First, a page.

Pinkster, Harm (1942-) [1990], Latin Syntax and Semantics [info], xii, 320 p.: ill.; 24 cm. [word count] [Pinkster].
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6.5. Absence of a Head constituent and so-called substantive use

If in a certain context it is sufficiently clear which entity is modified by an Attribute, this entity (the Head of the NP) need not be mentioned explicitly. This is an aspect of a general principle of natural languages, that what is already clear need not necessarily be formulated explicitly. This also applies in cases where it is not so much the context as the situation which makes clear who or what is referred to. An English example would be a situation in which a dinner guest is offered a choice between two types of wine (red or white); the answer could then simply be white, please. This very frequent phenomenon is often called `ellipsis' in the grammars. Examples are:

(69) concita perditos cives, secerne te a bonis (`Stir up the depraved citizens, but keep away from the good ones', Cic. Cat. 1.23)

(70) ut legi tuas (sc. litteras) de Varrone (`When I read your remarks about Varro', Cic. Att. 13.19.5)

(71a) non Homero soli locus est … aut Archilocho … sed horum vel secundis vel etiam infra secundos (`There is not only room for Homer and Archilochus, but also for second or even third–rate people', Cic. Orat. 4)

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(71b) nempe illum dicis cum armis aureis (`You surely mean that one there with the golden suit of armour', Pl. Mil. 16)

(71c) lucernam lucidam gerebat una, … gladium altera … Infit illa cum gladio … (`One was carrying a burning lamp, the other a sword … The one with the sword said … ', Apul. Met. 1. 12)

(72) postquam satis tuta circa sopitique videbantur (`When all around seemed sufficiently safe and all seemed to be asleep', Liv. 1. 58.2)

Instances such as (69) and (70) are the most common. But instances such as (71) – prepositional phrase – and (72) – adverb – are also not uncommon. Cf. also an expression like in Telluris (= `in the temple of T.', Cic. Att. 16.4.1), where we find a noun in the genitive without a Head, as a constituent of a prepositional phrase. [35]

Apart from the instances mentioned above, we find the so-called substantive use of, especially, adjectives and participles. Examples are (73) and (74), respectively:

(73a) servitus (est) postremum malorum omnium (`Slavery is the worst of all evils', Cic. Phil. 2.113)

(73b) quis (potest) vituperare improbos asperius, quis laudare bonos ornatius (`Who is able to censure the wicked more sharply, who to praise the good more lavishly', Cic. de Orat. 2.35)

(74) semperne … vulgi iudicium cum intellegentium iudicio congruit? (`Does the judgment of the people always correspond with that of those who are informed?', Cic. Brut. 183)

Contrary to what was stated in the first paragraph above, these instances do not concern entities known from context or situation to which the Attribute is applied; the adjectives/participle have an independently referring function; they refer generally to all things/persons to which the qualification `bonus' etc. may be applied (the so-called categorial use). We also find the neuter singular form of adjectives in a similar use, such as bonum (`(the) good') in (75):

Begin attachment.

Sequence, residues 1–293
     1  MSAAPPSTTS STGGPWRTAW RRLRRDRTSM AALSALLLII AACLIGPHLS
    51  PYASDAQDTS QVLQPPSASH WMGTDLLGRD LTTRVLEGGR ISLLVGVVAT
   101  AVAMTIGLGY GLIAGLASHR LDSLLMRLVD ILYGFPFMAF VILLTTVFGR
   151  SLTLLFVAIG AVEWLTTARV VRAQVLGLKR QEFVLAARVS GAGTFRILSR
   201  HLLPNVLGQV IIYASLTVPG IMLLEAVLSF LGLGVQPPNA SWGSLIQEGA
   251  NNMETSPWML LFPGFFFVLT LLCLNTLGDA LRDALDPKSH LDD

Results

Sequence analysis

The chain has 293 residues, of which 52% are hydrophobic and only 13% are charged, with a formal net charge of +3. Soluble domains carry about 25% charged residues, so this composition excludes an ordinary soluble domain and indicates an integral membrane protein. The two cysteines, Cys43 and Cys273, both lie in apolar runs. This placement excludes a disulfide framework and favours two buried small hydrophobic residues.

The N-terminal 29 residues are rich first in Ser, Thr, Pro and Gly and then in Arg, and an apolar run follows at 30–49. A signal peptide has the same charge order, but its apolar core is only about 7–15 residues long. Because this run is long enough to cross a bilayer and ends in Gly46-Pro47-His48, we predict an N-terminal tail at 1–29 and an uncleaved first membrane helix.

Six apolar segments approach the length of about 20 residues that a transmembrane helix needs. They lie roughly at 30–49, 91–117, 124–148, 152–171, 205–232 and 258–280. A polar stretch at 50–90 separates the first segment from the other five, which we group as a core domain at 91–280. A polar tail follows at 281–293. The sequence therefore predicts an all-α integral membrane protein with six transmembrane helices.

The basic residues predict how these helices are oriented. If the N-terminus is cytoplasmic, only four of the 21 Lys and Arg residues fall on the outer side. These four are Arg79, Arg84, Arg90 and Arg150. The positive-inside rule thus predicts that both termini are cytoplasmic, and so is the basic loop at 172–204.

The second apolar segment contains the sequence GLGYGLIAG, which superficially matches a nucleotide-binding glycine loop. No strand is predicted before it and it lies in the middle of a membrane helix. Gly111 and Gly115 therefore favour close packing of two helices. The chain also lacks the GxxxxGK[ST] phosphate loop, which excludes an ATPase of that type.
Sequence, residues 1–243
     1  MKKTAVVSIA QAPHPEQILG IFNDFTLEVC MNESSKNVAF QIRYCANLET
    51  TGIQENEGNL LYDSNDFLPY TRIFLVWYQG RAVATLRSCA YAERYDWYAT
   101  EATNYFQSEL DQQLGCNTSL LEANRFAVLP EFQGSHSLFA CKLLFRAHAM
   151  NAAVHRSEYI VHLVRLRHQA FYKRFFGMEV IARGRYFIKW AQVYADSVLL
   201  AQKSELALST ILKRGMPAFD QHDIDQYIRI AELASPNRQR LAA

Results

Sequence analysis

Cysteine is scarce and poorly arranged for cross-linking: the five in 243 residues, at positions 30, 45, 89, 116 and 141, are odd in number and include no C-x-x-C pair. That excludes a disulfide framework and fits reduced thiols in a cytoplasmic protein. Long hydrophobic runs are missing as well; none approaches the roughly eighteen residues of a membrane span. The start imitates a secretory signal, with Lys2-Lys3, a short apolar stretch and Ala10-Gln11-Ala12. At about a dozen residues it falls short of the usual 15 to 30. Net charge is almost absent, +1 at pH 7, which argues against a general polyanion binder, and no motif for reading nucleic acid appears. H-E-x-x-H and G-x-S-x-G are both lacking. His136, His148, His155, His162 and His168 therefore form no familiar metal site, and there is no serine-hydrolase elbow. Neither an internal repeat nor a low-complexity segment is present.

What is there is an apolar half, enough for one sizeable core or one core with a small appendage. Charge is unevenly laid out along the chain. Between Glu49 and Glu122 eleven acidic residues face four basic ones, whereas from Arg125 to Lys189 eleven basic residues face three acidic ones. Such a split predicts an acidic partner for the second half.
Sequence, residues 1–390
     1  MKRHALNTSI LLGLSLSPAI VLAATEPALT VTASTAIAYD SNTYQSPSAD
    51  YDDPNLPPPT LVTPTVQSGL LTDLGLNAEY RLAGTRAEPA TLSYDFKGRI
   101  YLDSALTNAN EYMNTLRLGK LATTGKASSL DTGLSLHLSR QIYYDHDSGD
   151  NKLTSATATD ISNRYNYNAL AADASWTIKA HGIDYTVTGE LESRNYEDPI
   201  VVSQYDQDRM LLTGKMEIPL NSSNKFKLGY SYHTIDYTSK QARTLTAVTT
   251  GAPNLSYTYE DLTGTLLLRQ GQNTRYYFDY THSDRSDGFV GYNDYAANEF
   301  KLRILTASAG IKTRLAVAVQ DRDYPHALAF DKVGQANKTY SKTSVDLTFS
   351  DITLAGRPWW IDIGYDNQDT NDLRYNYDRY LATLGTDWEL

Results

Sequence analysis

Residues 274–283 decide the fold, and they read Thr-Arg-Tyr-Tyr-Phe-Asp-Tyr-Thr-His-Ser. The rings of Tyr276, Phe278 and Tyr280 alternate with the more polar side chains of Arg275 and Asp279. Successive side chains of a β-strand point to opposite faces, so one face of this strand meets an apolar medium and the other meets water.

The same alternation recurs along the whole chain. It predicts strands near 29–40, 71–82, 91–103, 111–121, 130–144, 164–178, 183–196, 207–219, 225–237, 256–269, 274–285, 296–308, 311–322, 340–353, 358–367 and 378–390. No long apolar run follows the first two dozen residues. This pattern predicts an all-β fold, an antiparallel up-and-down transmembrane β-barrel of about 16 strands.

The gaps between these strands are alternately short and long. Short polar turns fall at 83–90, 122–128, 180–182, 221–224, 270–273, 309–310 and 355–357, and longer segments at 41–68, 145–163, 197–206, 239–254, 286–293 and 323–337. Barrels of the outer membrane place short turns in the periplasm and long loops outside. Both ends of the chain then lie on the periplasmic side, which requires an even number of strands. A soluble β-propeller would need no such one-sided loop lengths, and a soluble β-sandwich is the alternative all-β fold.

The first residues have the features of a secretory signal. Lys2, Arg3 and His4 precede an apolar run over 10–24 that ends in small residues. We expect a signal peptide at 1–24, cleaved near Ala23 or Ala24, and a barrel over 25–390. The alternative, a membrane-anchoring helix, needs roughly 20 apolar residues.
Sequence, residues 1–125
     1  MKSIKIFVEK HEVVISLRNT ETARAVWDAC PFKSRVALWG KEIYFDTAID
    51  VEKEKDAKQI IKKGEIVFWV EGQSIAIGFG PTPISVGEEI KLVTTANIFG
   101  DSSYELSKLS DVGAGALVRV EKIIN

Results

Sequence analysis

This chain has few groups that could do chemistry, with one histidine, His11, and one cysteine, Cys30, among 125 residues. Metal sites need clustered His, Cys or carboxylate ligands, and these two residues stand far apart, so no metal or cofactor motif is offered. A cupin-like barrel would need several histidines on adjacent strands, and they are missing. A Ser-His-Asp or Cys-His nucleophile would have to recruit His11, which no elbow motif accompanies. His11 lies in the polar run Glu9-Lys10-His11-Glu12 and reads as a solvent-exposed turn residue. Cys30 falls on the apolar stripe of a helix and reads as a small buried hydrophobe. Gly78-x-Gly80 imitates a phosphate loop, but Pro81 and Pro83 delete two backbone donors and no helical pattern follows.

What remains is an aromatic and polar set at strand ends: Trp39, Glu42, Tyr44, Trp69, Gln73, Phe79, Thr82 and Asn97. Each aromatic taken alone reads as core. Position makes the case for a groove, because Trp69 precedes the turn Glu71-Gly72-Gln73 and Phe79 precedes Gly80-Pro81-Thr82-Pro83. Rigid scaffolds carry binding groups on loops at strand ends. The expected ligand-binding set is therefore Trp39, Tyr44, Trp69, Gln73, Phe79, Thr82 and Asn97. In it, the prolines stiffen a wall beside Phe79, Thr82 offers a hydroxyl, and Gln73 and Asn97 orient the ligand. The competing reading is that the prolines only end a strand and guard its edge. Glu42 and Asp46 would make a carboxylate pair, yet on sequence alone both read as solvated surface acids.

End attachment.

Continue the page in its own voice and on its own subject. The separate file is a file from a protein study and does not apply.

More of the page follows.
(75) neque exquirat oratione, summum illud bonum in animone sit an in corpore (`And that in his speech he does not pose the question, whether `the highest good' resides in the mind or in the body', Cic. de Orat. 1.222)

A substantively used constituent may in its turn be modified by an Attribute, see (76) and (77):

(76) antiquissimum sollemne (`the oldest religious phenomenon', Liv. 9.34.18)

(77) haud voluisti istuc severum facere (`You did not want to commit that act of violence', Pl. Cist. 646)

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For examples see K.–St. II.225–9; Sz. 154.

Apart from the two productive types mentioned above, there are also all kinds of idiomatic expressions which can be explained diachronically on the basis of the omission of the Head noun in a sufficiently clear situation. Well-known cases are dextra (= dextra manus (`the right hand')), grammatica (= grammatica ars (`grammar')), adulescens (`adolescent'), etc. See Sz. 152–4 and K.–St. I.231.

6.5.1 `Independent' (Headless) relative clauses

In cases like example (78) the relative clause is commonly said to fulfil independently the function of Subject of the sentence virtutem amat.

(78) qui deum amat virtutem amat (`Who loves god, loves virtue') (see K.–St. II.280)

This is obvious, because a sentence like (79) is also possible:

(79) amator dei virtutem amat (`A lover of god loves virtue')

Relative clauses often occur in other syntactic functions besides that of Subject, as in (80) and rare cases such as (81)–(82).

(80) Xerxes … praemium proposuit qui invenisset novam voluptatem (`Xerxes offered a reward for him who had thought of a new form of pleasure', Cic. Tusc. 5.20)

(81) nunc redeo ad quae mihi mandas (`I now return to your orders', Cic. Att. 5.11.6)

(82) Scipio cum quos paulo ante nominavi interiit (`Scipio died together with those whom I have just mentioned', B. Afr. 96.2)

For examples see K.–St. II.281–2. [36]

This description of the function of independent relative clauses is the same as that of the substantive use of adjectives and other Attribute constituents treated so far. K.–St. (II.280) and others, however, explain sentences like (78) with the aid of examples like (83):

(78) qui deum amat virtutem amat

(83) qui deum amat is virtutem amat

I cannot see the advantage of this explanation: the description of correlative patterns such as in (83) is difficult enough in itself. [37]

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Pinkster, Harm (1942-) [1990], Latin Syntax and Semantics [info], xii, 320 p.: ill.; 24 cm. [word count] [Pinkster].
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